The final round of fishing talks on mackerel quotas have come to an end without any agreement.
It is the third year in a row that separate quotas have been set for two groups.
The fifth round of talks finished in Reykjavik, Iceland on Thursday with no agreement between the parties. It means the EU and Norway will set one quota for the coming year, and Iceland and the Faroes will set another one.
The Scottish Government’s fisheries secretary Richard Lochhead is disappointed by the outcome, saying it threatens the future of mackerel.
Mr Lochhead said: "It is deeply disappointing and enormously frustrating that we are facing another year without a mackerel deal. The lack of progress this week has been very worrying, with the Faroes in particular demonstrating a lack of willing to reach a deal. We now expect Faroes and Iceland will continue with grossly inflated quotas that are all about short-term selfish gain.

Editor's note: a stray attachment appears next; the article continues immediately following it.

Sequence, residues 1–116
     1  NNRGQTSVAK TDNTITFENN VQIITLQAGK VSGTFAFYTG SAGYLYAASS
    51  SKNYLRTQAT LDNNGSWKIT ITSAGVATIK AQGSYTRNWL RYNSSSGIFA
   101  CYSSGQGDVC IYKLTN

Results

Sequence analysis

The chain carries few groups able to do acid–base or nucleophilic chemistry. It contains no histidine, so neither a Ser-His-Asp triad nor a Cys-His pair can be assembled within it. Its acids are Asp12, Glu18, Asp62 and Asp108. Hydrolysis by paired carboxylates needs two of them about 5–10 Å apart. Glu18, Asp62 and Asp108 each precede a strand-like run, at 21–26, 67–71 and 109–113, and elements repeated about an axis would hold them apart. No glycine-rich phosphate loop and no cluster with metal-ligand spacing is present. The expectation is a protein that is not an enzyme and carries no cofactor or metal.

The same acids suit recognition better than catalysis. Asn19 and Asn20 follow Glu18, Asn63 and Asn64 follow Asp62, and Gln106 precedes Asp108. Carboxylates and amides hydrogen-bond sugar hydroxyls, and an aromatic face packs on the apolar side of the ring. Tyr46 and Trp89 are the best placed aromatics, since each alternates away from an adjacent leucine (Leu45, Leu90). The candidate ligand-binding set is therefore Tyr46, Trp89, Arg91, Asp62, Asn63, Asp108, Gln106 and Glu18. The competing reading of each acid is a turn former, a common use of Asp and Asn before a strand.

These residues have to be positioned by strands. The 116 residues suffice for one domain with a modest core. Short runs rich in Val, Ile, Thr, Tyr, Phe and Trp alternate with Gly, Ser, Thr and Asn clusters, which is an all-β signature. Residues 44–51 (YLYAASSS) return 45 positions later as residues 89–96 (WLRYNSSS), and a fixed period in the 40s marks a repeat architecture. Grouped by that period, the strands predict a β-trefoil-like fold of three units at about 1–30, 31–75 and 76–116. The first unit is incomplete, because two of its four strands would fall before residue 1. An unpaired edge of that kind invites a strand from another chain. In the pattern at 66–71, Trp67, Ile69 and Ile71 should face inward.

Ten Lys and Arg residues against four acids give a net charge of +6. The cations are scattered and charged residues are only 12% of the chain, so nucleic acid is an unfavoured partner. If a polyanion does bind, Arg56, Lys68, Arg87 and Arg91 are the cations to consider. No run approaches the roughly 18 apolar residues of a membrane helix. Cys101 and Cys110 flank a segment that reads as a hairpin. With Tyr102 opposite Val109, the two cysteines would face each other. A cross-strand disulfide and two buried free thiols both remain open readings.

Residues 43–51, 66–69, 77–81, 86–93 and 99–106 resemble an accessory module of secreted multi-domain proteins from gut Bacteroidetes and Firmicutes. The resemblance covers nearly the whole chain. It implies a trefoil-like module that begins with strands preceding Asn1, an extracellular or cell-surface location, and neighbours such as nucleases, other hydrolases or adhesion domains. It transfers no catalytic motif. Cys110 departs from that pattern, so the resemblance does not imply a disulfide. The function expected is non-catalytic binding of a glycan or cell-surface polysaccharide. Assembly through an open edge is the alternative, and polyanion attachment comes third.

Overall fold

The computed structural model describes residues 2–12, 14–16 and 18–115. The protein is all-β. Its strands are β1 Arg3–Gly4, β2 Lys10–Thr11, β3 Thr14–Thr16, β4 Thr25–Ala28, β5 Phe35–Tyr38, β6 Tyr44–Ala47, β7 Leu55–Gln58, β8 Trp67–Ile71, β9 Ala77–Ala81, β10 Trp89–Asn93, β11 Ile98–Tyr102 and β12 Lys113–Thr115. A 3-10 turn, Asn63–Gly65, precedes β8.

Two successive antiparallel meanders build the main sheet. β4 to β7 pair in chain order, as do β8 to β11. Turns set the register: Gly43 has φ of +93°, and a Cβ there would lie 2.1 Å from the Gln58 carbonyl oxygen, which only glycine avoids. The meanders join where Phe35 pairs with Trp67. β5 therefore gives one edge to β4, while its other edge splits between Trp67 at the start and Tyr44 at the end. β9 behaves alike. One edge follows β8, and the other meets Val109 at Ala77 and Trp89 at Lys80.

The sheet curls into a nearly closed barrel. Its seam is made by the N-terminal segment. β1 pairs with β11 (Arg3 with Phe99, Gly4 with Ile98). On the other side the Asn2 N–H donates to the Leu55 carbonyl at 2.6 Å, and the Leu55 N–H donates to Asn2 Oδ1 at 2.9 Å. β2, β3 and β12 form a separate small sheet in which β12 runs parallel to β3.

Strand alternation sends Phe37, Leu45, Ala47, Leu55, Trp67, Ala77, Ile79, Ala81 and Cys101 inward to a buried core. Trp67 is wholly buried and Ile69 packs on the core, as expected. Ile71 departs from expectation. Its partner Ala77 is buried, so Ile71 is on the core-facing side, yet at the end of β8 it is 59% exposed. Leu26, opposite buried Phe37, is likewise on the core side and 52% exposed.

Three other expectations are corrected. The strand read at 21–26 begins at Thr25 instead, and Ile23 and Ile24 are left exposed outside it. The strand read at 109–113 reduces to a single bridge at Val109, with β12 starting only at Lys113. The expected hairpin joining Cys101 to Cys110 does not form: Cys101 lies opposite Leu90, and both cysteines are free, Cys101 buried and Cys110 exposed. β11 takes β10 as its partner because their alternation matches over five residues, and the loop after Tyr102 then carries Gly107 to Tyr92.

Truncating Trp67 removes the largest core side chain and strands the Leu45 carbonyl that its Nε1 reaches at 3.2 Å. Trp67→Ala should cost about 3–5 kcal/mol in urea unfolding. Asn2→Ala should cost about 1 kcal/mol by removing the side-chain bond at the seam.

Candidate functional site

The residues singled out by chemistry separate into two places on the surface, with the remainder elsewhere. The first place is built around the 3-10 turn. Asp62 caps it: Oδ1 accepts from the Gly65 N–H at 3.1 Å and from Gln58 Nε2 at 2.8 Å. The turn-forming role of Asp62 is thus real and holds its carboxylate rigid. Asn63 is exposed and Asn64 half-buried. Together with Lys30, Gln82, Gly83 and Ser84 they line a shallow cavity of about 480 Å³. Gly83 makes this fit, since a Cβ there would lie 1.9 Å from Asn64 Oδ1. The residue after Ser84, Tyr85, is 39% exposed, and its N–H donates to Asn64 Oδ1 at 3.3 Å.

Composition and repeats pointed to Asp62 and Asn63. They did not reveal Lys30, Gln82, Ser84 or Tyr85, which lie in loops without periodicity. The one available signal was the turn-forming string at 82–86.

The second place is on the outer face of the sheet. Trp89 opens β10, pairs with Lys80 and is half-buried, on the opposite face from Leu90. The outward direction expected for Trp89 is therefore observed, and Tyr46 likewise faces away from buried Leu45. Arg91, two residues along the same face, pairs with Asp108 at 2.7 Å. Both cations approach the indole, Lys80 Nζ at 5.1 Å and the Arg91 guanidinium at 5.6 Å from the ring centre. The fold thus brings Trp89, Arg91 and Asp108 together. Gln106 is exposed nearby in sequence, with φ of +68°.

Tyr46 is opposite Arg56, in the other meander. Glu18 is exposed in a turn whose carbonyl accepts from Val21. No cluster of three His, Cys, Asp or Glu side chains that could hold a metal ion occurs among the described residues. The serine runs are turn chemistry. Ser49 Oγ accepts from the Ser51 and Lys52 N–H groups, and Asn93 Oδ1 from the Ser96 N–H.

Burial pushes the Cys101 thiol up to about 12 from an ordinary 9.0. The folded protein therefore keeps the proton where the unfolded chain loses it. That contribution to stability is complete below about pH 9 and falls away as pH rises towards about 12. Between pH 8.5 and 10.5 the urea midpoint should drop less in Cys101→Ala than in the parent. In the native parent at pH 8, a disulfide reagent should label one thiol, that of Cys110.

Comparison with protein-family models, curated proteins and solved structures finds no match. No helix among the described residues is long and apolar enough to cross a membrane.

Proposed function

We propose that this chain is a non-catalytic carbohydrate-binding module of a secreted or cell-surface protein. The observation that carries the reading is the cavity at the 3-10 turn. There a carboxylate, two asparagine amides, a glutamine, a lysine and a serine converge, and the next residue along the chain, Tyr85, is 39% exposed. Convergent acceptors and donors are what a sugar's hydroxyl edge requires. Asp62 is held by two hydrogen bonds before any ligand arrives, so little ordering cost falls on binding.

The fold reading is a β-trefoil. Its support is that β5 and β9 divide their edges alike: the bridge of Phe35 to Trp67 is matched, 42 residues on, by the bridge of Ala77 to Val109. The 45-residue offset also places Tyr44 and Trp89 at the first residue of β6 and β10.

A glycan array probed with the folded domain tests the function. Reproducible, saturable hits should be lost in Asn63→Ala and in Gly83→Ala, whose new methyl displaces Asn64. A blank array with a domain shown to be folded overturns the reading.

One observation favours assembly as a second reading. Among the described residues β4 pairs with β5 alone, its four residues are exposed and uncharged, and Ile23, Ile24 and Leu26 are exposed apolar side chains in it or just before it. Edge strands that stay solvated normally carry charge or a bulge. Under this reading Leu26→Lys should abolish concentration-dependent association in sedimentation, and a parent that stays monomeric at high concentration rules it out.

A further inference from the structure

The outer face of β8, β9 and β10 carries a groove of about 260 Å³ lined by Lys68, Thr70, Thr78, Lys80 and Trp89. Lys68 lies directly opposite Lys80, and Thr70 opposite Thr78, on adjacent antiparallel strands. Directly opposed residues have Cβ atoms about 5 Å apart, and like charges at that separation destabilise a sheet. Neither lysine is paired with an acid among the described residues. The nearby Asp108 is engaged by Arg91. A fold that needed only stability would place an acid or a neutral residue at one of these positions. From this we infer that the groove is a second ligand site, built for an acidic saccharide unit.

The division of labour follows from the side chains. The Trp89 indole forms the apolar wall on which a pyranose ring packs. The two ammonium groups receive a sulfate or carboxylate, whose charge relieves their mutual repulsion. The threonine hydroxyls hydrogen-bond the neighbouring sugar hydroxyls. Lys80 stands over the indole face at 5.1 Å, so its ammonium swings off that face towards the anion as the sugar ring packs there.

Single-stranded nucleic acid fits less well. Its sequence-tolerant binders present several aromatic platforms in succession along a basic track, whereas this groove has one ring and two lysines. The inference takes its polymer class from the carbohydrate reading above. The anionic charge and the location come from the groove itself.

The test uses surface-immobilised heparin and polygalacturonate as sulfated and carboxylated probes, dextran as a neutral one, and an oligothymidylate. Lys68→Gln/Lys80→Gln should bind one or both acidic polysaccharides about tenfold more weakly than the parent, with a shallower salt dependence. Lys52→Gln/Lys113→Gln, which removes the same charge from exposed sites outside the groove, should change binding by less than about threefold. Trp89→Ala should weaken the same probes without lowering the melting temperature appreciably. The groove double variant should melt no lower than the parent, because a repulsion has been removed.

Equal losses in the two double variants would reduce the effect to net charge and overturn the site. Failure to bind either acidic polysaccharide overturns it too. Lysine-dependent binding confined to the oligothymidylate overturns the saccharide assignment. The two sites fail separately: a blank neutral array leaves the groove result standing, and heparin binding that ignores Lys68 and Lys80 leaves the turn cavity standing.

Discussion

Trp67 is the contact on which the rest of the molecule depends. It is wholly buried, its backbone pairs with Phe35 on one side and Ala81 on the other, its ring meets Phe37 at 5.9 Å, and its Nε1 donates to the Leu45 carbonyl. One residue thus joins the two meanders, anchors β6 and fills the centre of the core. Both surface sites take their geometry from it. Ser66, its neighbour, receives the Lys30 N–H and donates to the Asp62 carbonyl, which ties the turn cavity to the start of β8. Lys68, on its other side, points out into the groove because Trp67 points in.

"We recognise mackerel stocks are currently present in seas further west and Iceland has a right to a share. However, it's unacceptable to opportunistically pursue these massive quotas. The Faroes, meanwhile, don't even have the capacity to catch so many mackerel, with foreign vessels invited into their waters to pillage the stock on their behalf.
"If overfishing continues, we face the prospect of the mackerel stock falling below safe limits by 2014. That's why we need the EU to fast-track plans for sanctions against any country engaging in unsustainable fishing outwith international agreements.
"We cannot allow a stock that Scottish fishing communities have relied upon for generations to be recklessly plundered, year and year. This impasse must come to an end by some means, to secure this fishery for decades to come."